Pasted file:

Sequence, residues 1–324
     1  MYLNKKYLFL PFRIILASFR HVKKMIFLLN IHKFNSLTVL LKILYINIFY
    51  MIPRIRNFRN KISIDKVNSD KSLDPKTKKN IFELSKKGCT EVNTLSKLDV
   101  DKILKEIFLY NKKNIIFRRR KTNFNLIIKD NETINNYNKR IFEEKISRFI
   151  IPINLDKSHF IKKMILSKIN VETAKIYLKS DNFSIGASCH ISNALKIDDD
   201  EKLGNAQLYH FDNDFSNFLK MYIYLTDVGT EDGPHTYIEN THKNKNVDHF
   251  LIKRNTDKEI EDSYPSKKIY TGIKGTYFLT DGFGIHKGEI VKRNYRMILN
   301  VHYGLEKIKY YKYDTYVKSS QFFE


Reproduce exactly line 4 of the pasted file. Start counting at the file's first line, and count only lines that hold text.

   101  DKILKEIFLY NKKNIIFRRR KTNFNLIIKD NETINNYNKR IFEEKISRFI